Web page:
Toronto Mayor Blasts ‘Anti-Fun Police’ After Seniors Gambling Crackdown
Posted on: August 12, 2019, 06:12h.
Last updated on: August 12, 2019, 07:06h.
A group of Toronto senior citizens who played card games and bingo for pennies at a city-run community center have been victimized by “the anti-fun police,” according to Toronto Mayor John Tory.
The elderly gamblers’ game of choice was reportedly the card game euchre, which they played with a buy-in of C$1.25 ($0.94) — that is, before killjoy officials erected a sign on Friday demanding the stakes be slashed to C$0.25 ($0.19) while “a review” into their activities was conducted.
“[The money] makes the game a little more exciting, but it’s also the socializing … It’s my social life. Between that and quilting, it’s what keeps me busy,” explained one disgruntled septuagenarian to Global News this week.
Dirty Money Hotspot
The decision to disrupt the group’s regular game was branded a heavy-handed “joke” by critics, which moved Tory to demand the original buy-in fee be reinstated.
Private games are legal in Ontario provided the stakes are kept low and no one is taking a rake.
“We should be doing everything possible to ensure our community centers are welcoming places for everyone, especially our seniors,” said Tory, as reported by Global News. “Getting together and doing things like playing euchre will keep seniors happier and healthier.
I am sure if there is any danger of Las Vegas-style gambling breaking out en masse in our community centres, we will know about it,” Tory added.
It’s not as though Canada doesn’t currently have bigger fish to fry. In May, a British Columbia government review panel looking into the money-laundering scandal that had engulfed that province’s casinos called for a nationwide investigation.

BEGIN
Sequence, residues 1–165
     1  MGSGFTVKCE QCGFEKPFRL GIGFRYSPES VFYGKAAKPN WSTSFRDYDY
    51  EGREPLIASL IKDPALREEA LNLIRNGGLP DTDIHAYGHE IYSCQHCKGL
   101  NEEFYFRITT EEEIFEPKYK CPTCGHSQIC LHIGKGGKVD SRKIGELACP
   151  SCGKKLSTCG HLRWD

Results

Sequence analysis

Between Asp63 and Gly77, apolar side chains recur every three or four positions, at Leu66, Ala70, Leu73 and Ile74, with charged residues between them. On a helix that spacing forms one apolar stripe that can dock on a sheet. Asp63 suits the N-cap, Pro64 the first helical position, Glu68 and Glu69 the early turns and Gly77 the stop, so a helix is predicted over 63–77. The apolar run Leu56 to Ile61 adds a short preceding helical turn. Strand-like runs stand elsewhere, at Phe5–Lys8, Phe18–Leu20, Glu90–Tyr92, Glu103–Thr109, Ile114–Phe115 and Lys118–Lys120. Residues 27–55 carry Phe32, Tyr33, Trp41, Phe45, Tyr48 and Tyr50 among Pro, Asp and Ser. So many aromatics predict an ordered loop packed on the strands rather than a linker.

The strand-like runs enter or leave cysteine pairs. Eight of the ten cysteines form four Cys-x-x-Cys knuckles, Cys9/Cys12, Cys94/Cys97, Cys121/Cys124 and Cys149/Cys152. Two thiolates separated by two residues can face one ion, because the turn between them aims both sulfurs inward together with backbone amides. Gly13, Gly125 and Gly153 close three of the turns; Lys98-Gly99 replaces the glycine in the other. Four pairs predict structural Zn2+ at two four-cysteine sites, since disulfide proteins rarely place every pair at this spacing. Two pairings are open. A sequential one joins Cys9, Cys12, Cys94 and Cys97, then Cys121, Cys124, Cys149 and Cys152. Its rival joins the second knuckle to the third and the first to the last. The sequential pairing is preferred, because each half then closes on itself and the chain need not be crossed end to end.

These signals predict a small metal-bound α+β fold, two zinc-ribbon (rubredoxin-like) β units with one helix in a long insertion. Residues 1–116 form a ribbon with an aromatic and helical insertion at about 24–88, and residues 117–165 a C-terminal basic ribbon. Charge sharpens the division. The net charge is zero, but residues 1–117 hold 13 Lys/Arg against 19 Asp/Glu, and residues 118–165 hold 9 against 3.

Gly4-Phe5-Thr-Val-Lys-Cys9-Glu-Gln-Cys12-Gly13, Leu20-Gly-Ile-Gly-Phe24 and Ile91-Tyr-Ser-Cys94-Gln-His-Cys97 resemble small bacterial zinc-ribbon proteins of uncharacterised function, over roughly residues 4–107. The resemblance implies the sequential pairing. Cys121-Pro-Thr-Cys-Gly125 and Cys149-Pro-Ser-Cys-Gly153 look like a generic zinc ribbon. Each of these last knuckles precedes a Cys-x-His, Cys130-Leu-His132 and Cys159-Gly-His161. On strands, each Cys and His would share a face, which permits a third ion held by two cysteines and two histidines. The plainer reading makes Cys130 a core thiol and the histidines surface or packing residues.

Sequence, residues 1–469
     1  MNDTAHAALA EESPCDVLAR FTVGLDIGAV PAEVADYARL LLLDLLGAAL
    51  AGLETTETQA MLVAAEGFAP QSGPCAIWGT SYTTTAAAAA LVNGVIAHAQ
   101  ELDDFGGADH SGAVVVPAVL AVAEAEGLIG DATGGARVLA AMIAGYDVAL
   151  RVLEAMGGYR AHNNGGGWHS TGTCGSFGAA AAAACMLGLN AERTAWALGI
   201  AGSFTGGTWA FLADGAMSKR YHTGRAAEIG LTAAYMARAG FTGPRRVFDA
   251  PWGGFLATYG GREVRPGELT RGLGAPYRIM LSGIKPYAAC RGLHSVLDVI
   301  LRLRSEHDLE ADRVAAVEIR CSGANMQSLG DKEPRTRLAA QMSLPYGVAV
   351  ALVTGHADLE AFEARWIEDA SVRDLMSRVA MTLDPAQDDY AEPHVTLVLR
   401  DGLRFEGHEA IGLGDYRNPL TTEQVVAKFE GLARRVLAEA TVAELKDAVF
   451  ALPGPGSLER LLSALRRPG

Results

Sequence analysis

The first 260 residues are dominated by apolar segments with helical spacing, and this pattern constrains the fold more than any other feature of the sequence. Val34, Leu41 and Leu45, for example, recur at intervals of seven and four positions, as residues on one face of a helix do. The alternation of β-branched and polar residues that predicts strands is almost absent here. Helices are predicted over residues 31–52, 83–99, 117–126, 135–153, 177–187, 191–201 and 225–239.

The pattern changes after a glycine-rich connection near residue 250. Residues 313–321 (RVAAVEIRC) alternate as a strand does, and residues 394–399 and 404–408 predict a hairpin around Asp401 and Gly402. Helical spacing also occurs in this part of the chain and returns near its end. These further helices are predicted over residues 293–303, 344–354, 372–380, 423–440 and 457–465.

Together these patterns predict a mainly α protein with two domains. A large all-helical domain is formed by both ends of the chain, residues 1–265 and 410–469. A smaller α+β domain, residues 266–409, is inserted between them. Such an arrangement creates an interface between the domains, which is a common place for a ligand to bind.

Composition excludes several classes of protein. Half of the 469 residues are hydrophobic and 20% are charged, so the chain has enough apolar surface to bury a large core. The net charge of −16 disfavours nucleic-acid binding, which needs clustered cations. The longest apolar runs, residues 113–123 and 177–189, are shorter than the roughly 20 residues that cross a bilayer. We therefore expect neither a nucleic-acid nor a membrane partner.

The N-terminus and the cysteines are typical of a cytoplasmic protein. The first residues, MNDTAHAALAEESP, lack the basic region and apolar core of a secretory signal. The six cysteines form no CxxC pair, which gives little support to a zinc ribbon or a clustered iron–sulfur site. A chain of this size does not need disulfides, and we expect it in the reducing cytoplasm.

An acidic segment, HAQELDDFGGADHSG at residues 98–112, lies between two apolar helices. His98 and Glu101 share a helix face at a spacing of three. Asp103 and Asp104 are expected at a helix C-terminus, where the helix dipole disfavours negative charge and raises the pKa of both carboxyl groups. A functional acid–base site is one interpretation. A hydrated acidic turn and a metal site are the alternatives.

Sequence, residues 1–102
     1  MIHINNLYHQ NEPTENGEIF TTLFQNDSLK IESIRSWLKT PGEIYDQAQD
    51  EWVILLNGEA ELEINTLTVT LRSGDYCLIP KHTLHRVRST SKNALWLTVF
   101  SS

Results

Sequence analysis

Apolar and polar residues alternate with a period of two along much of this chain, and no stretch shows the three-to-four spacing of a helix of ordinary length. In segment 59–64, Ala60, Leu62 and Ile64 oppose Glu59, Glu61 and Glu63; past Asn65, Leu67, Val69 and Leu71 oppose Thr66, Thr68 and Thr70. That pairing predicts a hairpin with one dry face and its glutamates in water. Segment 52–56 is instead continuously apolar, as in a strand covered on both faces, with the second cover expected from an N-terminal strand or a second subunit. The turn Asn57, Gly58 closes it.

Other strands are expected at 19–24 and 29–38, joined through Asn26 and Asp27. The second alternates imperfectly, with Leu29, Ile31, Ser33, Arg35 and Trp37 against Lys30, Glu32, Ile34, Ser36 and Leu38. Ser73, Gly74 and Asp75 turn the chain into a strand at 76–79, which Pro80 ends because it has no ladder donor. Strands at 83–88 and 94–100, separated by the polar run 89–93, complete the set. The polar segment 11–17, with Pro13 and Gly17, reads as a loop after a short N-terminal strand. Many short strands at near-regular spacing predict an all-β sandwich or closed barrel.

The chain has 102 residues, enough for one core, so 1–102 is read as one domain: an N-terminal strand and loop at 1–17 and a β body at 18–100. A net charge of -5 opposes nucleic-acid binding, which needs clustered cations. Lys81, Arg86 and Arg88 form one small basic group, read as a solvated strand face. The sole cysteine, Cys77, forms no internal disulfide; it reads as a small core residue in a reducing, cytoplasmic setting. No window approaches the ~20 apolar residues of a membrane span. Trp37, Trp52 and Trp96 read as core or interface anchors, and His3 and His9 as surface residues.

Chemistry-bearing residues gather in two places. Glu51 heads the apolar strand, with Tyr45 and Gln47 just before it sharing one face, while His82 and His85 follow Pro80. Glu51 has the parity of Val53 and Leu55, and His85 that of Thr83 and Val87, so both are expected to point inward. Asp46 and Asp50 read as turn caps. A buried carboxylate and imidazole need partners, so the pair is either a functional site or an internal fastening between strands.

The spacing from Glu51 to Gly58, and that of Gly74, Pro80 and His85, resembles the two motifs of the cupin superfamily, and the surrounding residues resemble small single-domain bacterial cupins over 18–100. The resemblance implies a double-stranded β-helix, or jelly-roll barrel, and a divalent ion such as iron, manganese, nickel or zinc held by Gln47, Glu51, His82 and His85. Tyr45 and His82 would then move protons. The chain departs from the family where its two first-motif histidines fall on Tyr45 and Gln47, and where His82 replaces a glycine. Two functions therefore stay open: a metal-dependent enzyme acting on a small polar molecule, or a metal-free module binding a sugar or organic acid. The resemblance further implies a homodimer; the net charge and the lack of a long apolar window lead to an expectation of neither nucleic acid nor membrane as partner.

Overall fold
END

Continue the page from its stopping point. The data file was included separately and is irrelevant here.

The panel believes around C$7 billion ($5.2 billion) was washed through British Columbia’s casinos and real-estate market, largely by Chinese criminal gangs in 2018 alone, due to weak regulations and inadequate oversight.
But it also thinks an estimated $47 billion ($35.5 billion) may have been laundered through the entire country during the same period. Ontario was named by the panel as a possible dirty-money hotspot.
Unlike in the United States, in Canada all criminal prosecutions are brought by federal authorities, and BC officials have become frustrated by the federal government’s failure to successfully prosecute anybody at all for turning the province’s casinos into a “laundromat for organized crime.”
The feds were not behind the crackdown at the Scarborough Village Recreation Centre, of course. According to local media, it was the overly officious Parks and Recreation Department that was to blame.
But there’s also a question of why federal prosecutors have failed to apply a similar level of rigor to those whose gambling-related activities pose a serious criminal threat to Canadian national security.
In the meantime, Tory said he would apologize to the seniors on behalf of the city, and assure them personally that the issue would be resolved.
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